discouragement

noun
dis·​cour·​age·​ment | \-mənt \

Definition of discouragement 

1 : the act of discouraging : the state of being discouraged

2 : something that discourages

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Examples of discouragement in a Sentence

the discouragement of drug use among teenagers She expressed discouragement over the difficulty of finding a good job. The team's losses have left fans with a feeling of discouragement. He says that the tax is a discouragement to doing business in this state. Despite the discouragements of the past week, we need to continue moving forward.
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Recent Examples on the Web

Even in the new, bigger bins, the cardboard doesn’t always fit, a common discouragement to household recycling. Elizabeth Weise, USA TODAY, "Blue bins overflow with Amazon and Walmart boxes. But we're actually recycling less," 8 June 2018 Mistaken Goals, as described by psychologists Alfred Adler and Rudolf Dreikurs, are indications of a child’s discouragement. Eva Dwight, USA TODAY, "How to deal with it when your kid screams, 'I hate you!'," 18 June 2018 Also criticized in the report was Comey's decision, despite the discouragement of the Justice Department, to reveal to Congress that the FBI was reopening the investigation following the discovery of new emails. chicagotribune.com, "Trump says FBI was 'plotting against' me, casts doubt on potential Mueller interview," 15 June 2018 While the event was well attended, the recent shooting in Santa Fe has led to small feelings of discouragement. Karen Pilarski, Milwaukee Journal Sentinel, "Brookfield Central student to host an evening of solidarity to honor victims of gun-violence," 23 May 2018 Frequently the person may have the same perception of themselves and that frequently leads to discouragement and isolation without being aware that this is a diagnosable and treatable condition. Andrea K. Mcdaniels, baltimoresun.com, "Children aren't the only ones with ADHD; adults get it as well," 17 May 2018 On non-game days, Hill has been studying film alongside Love, who also endured plenty of discouragement in the first-round matchup against Indiana -- although for a number of different reasons. Chris Fedor, cleveland.com, "George Hill has made Cleveland Cavaliers' offense whole once again," 8 May 2018 That is consistent with the view that the lower level of participation relative to a decade ago owes more to factors such as baby boomers reaching retirement than things like worker discouragement. Justin Lahart, WSJ, "Why a 3.9% Unemployment Rate Matters," 4 May 2018 The heckler began to shout words of discouragement to the Astros team, in particular targeting Astos player Justin Verlander. Rebecca Hazen, Houston Chronicle, "Team Up For Kids and K9s highlights Astros player’s community causes," 1 May 2018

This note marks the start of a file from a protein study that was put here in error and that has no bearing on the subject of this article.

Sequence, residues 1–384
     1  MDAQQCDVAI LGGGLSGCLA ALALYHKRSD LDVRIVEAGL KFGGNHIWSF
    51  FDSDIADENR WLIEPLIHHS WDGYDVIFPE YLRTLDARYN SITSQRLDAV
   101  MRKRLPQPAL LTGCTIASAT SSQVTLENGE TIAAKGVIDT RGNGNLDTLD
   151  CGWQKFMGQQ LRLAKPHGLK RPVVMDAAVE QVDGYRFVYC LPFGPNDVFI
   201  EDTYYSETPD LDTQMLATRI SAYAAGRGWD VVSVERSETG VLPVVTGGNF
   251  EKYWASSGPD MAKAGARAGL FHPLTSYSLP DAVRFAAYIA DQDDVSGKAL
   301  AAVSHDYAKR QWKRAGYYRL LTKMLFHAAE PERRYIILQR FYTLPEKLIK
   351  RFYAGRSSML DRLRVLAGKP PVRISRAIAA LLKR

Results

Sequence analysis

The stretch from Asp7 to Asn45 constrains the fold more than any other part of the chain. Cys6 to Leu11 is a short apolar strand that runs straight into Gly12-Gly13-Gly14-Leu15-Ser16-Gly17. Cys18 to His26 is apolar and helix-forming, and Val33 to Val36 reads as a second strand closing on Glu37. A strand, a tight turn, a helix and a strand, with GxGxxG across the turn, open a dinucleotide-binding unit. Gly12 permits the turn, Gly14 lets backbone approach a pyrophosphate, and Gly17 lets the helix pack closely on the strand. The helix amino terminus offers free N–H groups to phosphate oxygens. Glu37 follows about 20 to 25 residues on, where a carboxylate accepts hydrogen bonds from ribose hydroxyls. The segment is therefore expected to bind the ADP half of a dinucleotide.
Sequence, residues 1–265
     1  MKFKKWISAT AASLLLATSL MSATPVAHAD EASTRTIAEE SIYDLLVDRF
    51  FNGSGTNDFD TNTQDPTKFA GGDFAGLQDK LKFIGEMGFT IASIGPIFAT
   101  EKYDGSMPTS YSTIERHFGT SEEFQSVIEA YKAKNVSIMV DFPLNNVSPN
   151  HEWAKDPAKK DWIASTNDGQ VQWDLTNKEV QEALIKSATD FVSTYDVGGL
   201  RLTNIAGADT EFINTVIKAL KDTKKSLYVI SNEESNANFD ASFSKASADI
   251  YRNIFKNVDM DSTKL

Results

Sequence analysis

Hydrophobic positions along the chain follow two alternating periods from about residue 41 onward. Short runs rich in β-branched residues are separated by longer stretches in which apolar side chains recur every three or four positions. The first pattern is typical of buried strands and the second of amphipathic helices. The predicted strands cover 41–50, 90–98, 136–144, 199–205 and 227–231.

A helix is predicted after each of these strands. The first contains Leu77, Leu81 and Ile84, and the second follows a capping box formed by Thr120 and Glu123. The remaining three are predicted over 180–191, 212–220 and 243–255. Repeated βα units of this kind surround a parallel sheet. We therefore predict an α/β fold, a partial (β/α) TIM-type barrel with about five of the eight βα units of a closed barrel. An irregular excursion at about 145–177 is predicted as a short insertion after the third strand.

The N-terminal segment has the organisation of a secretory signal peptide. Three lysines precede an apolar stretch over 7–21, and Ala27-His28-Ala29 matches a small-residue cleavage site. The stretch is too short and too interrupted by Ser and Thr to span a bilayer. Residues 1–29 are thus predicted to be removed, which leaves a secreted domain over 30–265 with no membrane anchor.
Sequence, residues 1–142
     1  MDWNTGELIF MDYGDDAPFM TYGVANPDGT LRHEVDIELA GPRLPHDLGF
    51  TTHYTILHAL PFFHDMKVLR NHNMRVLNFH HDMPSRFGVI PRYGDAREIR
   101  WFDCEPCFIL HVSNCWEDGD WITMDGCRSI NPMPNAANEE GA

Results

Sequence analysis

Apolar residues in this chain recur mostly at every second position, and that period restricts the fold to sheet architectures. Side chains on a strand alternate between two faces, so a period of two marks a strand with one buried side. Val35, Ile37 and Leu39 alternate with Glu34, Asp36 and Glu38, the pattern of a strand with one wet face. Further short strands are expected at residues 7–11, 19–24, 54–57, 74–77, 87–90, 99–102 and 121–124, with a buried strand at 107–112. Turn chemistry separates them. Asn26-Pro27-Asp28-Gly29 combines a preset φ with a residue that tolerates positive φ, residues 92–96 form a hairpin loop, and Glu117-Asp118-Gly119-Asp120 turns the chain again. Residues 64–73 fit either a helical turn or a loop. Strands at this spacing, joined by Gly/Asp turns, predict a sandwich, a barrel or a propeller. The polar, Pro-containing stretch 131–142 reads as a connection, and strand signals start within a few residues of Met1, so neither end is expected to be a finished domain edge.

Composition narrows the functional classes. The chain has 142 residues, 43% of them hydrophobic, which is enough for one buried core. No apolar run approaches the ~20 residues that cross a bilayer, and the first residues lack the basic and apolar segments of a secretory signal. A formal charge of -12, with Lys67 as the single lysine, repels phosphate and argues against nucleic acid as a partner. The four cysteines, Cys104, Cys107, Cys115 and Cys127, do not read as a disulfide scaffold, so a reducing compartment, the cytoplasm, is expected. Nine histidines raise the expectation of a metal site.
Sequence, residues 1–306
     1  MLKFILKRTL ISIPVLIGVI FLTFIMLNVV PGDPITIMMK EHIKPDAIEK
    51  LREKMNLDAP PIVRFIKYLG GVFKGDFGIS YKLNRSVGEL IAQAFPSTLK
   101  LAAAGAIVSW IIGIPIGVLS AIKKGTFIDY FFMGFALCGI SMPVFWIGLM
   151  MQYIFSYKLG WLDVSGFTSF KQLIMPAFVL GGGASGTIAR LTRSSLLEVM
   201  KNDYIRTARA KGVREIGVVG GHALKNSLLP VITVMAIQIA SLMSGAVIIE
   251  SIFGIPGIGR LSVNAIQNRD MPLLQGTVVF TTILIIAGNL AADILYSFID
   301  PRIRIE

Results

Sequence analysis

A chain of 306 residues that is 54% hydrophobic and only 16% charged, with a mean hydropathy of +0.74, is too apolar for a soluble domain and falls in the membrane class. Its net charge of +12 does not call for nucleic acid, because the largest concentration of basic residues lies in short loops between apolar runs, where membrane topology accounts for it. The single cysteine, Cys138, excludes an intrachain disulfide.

These example sentences are selected automatically from various online news sources to reflect current usage of the word 'discouragement.' Views expressed in the examples do not represent the opinion of Merriam-Webster or its editors. Send us feedback.

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First Known Use of discouragement

1561, in the meaning defined at sense 1

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Time Traveler for discouragement

The first known use of discouragement was in 1561

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More Definitions for discouragement

discouragement

noun

English Language Learners Definition of discouragement

: the act of making something less likely to happen or of making people less likely to do something

: a feeling of having lost hope or confidence

: something (such as a failure or difficulty) that discourages someone

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More from Merriam-Webster on discouragement

Thesaurus: All synonyms and antonyms for discouragement

Spanish Central: Translation of discouragement

Nglish: Translation of discouragement for Spanish Speakers

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